Varieties of uncertainty
The Cambridge team has been exploring uncertainty in its many forms for a while now. Last year, they published a theory paper, reviewing related research. At a conference of uncertainty quantification specialists about two years ago, Dr. Freeman asked attendees to write definitions of uncertainty on Post-it notes and stick them on the wall. “Every one was different,” she said. “I have to say my favorite was: ‘Anything and everything that can **** up a decision’ [insert descriptor of your choice].”
The recent study, funded by the Nuffield Foundation, focused on people’s reactions to epistemic uncertainty: things we don’t know about the past and present but in theory could come to know, through measurement. The team is now researching perceptions of aleatory uncertainty — unknowns about the future due to randomness, indeterminacy, chance or luck. (In Latin, alea means dice or gambling.)
Most uncertainty is a mix of epistemic and aleatory elements. For instance: How many more people will get Covid-19? And once transmission is suppressed below the R0=1 threshold (the reproduction number required to rapidly reduce the number of cases to low levels), how will we avoid a rebound?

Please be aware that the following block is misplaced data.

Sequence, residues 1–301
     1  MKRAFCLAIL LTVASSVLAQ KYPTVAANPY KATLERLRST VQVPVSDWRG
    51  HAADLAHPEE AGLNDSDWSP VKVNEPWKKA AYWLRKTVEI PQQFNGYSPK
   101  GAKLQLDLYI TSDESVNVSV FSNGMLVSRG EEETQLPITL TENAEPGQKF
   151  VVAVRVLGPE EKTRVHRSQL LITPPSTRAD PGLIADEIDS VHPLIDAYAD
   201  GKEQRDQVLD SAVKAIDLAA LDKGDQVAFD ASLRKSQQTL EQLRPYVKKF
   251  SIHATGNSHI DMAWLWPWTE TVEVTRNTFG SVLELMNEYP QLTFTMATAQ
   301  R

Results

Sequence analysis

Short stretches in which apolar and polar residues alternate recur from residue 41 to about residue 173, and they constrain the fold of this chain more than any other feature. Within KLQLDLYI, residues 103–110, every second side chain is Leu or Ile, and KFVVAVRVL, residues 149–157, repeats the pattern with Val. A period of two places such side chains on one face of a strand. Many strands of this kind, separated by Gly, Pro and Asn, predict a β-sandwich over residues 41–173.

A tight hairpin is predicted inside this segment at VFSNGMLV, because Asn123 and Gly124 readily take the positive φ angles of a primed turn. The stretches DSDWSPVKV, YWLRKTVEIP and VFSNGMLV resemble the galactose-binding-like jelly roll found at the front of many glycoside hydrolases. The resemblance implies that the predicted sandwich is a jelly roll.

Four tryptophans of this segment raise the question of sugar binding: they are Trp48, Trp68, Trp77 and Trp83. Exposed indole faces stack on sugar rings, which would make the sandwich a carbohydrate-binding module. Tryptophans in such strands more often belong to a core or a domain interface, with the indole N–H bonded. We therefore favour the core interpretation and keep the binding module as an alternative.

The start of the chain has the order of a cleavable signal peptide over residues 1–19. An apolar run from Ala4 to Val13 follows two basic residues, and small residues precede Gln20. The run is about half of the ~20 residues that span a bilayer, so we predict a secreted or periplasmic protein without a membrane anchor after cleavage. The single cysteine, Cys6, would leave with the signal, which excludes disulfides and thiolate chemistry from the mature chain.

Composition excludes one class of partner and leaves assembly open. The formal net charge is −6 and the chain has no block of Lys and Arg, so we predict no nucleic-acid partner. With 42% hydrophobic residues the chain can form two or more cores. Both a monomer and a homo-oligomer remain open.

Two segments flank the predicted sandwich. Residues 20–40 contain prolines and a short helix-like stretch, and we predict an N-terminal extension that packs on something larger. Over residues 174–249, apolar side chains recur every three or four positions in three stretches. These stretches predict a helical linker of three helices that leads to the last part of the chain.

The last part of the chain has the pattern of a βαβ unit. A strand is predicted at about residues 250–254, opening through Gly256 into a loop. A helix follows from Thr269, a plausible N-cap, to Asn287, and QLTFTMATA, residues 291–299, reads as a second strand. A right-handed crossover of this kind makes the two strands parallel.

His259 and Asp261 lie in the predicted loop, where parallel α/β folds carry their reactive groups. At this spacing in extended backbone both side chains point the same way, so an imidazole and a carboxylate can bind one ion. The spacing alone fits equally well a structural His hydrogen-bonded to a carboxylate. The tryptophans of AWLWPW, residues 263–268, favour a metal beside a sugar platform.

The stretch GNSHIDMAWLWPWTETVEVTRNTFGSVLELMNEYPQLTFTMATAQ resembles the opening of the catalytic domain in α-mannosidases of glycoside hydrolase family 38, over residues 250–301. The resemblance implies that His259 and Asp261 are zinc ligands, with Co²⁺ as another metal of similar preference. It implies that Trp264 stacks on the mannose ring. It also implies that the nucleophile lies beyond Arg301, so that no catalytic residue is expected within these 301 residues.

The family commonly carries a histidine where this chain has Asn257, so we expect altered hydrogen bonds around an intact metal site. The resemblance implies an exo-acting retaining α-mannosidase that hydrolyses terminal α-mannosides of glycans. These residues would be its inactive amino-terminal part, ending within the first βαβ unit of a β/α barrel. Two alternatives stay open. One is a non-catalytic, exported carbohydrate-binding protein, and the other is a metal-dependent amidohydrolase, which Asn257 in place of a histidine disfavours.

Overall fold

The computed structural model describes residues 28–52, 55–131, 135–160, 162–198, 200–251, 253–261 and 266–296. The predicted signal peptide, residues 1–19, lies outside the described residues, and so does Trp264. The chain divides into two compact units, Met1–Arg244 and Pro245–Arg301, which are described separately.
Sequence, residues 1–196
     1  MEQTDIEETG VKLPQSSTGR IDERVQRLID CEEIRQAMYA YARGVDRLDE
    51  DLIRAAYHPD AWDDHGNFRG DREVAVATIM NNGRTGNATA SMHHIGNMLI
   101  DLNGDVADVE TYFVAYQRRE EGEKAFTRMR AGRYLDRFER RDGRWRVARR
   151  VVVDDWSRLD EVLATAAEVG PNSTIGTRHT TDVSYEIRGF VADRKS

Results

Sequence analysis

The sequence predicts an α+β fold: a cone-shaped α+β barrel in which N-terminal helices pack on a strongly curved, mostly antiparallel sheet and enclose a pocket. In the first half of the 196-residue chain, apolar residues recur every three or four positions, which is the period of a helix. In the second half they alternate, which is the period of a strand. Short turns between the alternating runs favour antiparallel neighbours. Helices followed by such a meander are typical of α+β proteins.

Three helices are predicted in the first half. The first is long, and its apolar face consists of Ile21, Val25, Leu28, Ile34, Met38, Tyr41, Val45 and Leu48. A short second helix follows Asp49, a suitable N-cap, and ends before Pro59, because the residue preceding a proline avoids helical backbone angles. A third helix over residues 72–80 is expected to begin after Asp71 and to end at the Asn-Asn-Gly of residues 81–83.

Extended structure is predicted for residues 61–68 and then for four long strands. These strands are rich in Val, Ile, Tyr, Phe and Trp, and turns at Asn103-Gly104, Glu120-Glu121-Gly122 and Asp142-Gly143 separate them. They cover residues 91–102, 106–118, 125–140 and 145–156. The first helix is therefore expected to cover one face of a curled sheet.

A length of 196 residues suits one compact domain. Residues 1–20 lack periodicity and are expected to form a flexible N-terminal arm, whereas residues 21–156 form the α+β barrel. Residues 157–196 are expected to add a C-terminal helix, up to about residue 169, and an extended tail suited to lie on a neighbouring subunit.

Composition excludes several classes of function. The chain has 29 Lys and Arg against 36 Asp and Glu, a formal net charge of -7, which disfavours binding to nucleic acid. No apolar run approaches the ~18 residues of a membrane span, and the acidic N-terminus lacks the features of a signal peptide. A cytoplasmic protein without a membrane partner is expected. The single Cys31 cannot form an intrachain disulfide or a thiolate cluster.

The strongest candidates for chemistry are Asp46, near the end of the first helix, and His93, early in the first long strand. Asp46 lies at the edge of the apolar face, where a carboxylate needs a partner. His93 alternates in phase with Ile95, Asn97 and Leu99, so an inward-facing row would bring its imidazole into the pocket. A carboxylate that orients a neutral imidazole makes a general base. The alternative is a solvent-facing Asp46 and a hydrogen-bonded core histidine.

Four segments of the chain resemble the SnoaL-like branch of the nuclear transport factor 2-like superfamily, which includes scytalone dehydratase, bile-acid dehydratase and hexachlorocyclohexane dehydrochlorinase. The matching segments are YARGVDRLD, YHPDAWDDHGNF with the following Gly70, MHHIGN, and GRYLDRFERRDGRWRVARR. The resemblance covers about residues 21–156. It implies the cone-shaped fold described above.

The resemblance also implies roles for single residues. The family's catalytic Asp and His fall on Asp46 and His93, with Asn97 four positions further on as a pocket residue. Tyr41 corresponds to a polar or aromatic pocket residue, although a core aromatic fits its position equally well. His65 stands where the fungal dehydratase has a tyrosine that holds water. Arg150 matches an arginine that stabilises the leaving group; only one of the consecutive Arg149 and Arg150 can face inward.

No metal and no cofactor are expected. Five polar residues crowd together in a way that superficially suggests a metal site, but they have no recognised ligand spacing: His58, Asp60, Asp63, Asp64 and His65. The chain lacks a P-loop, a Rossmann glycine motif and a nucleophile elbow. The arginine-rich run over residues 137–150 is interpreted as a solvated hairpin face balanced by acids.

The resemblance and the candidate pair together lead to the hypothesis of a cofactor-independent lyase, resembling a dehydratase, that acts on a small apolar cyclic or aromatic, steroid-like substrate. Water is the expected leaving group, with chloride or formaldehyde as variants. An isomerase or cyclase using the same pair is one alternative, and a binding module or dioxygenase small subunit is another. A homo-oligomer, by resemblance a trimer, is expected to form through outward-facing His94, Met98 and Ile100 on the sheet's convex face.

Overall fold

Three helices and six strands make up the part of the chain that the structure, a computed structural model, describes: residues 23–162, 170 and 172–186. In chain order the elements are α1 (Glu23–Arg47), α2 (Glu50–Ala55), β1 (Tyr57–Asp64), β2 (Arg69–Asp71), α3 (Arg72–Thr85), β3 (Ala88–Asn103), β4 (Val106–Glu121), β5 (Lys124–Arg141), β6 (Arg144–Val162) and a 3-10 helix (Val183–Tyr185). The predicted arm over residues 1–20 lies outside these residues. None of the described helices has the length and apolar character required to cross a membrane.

Common wisdom from the psychologist’s perspective is that people do not like uncertainty, especially about the future, and that it generates a negative response. (Psychologists call this “ambiguity aversion.”) From the statistician’s perspective, the hypothesis is that people have a positive reaction and trust information more when the communicator is being open about uncertainties in facts and figures.
“The motivation was to try to adjudicate between these competing hypotheses,” said Sander van der Linden, a principal investigator, and a psychologist and the director of the Cambridge Social Decision-Making Lab. “Ultimately we didn’t find support for the notion that communicating uncertainty enhances public trust, but it also didn’t substantially undermine it.”
Models are the maps, not the territory
Either way, there is little to assuage our most pressing existential uncertainty: When will the pandemic end?
In the early days of the outbreak, when data was beginning to emerge from China, we were in a state of “deep uncertainty,” also known as “radical uncertainty” or “Knightian uncertainty.” (The economist Frank Knight distinguished between risk and uncertainty about a century ago.) Deep uncertainty is the quagmire of unknown unknowns; there are no constraints.